The suburb of Uji is around 12 kilometers to the south of Kyoto Central Station. Uji is famous for the best matcha tea in the world. Taste is not a precise quantity to be determined, but matcha tea has been produced in Uji for centuries. The small town is known all over Japan for Matcha. On the main road leading to Byodo-in Temple, you will find almost exclusively tea shops. Green tea is grown in the Uji hinterland and was previously transported by ship on the Uji River. The tea was unloaded and processed in Uji. The tea leaves are removed from the stems, steamed, dried and finely ground. The japanese word Matcha means grounded tea.
In the tea shops you can see many small grinders that produce tea. The Matcha is a noble product that is sold at high prices. In Uji you can see many foods that have been refined with green tea. There is matcha ice cream, gyoza with matcha, matcha ramen and matcha sauces.
The most famous sight of Uji is the Byodo-in temple. The building is a UNESCO World Heritage Site of Kyoto. The building was originally built in 998 as a villa for Minister Michinaga. His son Yorimichi expanded the building and made it a Buddhist temple in 1052. The central Phoenix Hall (Ho-o-Do or Amida-do) was built in 1053. There is a phoenix (Ho) on the roof top and in the hall there is a picture of Amida Buddha. The country house of Yorimichi consisted of over 30 structures, but all of them were destroyed by fire in 1483, except the Phoenix Hall. Since then, it has been the oldest wooden structure in Kyoto.
The Phoenix Hall also went down in Japan's history because General Minamoto no Yorimasa committed Harakiri (Seppuku) in here, after the defeat at the First Battle of Uji in 1180. It was the first time that a samurai committed ritual suicide to avoid the shame of defeat.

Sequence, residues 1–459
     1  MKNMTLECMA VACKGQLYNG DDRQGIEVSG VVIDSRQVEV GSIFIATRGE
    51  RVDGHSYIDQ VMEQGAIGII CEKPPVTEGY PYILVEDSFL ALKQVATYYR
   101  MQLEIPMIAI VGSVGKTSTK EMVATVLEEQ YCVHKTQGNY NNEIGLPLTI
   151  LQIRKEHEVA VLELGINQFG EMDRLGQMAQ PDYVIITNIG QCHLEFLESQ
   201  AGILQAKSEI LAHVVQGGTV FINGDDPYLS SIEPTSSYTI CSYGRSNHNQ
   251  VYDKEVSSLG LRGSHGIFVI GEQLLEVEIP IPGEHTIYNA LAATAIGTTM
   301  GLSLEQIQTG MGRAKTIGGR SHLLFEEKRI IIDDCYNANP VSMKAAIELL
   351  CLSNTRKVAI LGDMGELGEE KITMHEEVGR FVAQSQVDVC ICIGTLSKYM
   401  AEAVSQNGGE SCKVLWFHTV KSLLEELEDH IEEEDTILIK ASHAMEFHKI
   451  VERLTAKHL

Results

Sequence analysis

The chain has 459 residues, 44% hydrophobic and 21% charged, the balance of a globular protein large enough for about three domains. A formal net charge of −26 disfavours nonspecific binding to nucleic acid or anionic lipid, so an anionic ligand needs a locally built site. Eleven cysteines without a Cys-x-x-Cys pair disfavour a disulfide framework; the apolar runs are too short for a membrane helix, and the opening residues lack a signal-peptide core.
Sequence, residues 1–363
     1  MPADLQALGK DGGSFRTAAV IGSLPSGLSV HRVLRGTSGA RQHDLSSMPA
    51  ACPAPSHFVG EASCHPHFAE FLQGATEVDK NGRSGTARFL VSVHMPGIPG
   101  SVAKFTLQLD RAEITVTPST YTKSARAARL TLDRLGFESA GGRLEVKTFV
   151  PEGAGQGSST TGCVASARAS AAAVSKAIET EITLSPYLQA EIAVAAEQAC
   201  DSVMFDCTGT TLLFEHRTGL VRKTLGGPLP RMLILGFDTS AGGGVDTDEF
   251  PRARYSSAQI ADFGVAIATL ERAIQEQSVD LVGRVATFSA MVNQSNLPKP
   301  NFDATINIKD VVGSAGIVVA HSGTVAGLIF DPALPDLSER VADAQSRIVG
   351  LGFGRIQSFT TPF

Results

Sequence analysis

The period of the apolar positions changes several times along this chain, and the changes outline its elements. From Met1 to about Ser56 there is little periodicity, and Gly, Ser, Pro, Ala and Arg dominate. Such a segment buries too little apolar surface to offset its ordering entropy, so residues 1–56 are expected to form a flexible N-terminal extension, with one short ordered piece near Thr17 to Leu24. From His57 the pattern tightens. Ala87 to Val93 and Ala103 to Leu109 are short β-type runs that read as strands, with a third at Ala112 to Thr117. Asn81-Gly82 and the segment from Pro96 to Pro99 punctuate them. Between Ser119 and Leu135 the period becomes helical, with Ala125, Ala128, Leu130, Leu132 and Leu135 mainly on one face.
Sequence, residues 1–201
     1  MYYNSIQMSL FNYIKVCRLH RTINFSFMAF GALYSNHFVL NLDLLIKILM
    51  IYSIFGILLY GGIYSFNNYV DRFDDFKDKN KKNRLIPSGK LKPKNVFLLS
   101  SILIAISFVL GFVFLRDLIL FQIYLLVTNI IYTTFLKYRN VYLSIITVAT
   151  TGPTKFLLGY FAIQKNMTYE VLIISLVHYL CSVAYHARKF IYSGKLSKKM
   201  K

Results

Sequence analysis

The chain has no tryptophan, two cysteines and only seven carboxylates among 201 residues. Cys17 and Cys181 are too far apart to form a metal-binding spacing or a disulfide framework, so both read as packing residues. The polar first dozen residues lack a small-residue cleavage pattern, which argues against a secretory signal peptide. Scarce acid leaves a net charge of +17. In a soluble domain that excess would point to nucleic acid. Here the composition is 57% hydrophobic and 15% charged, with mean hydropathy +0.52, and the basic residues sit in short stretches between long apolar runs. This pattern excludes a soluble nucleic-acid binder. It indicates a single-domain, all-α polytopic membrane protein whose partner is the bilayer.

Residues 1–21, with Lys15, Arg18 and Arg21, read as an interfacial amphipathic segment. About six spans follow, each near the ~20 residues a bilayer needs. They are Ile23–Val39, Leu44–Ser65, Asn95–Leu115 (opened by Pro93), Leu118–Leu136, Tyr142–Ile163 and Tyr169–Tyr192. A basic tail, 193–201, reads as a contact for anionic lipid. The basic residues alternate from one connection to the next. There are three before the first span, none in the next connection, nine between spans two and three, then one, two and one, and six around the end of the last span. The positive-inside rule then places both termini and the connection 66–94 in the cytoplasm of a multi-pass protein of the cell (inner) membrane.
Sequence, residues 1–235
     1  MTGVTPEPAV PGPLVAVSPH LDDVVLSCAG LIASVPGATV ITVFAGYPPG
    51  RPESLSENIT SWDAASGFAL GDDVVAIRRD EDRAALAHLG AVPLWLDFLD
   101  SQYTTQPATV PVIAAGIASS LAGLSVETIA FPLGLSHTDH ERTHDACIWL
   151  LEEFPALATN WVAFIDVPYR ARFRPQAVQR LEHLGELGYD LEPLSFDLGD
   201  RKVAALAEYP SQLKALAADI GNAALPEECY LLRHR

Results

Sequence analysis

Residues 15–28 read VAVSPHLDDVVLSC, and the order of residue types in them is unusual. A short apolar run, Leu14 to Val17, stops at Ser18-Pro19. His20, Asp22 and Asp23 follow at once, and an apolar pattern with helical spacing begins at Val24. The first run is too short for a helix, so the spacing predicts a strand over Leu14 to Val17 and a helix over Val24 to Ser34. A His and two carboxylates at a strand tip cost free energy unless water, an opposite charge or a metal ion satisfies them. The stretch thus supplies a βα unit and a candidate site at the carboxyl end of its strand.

The Byodo-in temple consists of three parts, the central hall and two side structures, which are connected by an open corridor. The beauty of the temple also includes the pond and the surrounding park. The pond saved the building from being destroyed by fire. The Byodo-in Temple is one of the most elegant buildings in Japan, due to its horizontal orientation and its lightness, the building seems to float.
The Byodo-in Temple is one of the most famous buildings in Japan, it adorns the 10,000 yen bill and the 10 yen coin.
A statue of a young woman sits at the Uji Bridge. It is Murasaki Shikibu, a lady of the Fujiwara family. She became famous as a poet and wrote the first novel in Japanese literature. Her work "Genji Monogatari" is the story of Prince Genji, who had many women but lived with Murasaki until she died and he lost his courage in grief. The end was either left intentionally open or is missing. The novel was written on scrolls, not all of which have survived. The author's name was not known, so she was named after the protagonist of her novel. The scrolls are keept at the Tokugawa Art Museum in Nagoya. Murasaki Shikibu probably lived in Kyoto between 990-1010.
The port of Uji used to be an important transfer point for tea from the vicinity. Today there is a river promenade with some restaurants. The red Kisen Bridge leads to the islands in the Uji River. These are designed like a park, with small pagodas and sculptures. On the island you can also see cormorant fishermen "Ukai". From here you can see the forested slopes of the nearby mountains.
The Manpuku-ji is the main temple of the Obaku-san school. The Buddhist temple has its origins in China and the name Manpuku-ji also refers to the main temple at Huang Bo Shan in Fujian province. Chinese monks came to Nagasaki around 1620 and founded the Fukusai-ji and Sofuku-ji of the Obaku school. Manpuku-ji in the Obaku district was founded in 1661. The Obaku school sought proximity to the emperor and therefore built its main temple near the capital Heian-kyo.
Manpuku-ji Temple is located near Obaku Railway Station, about 2.5 kilometers north of Uji. It is only around 250 m to walk from the train station to the entrance of the temple. The Manpuku-ji is a beautiful Chinese Ming-style temple complex. The Obaku-san school is a Zen Buddhist movement that developed from Chinese Chan Buddhism.
Unlike in Kyoto, where all temples are flooded with tourists, there is still peace and deceleration to be found at Manpuku-ji. When we visited the temple, we were the only visitors.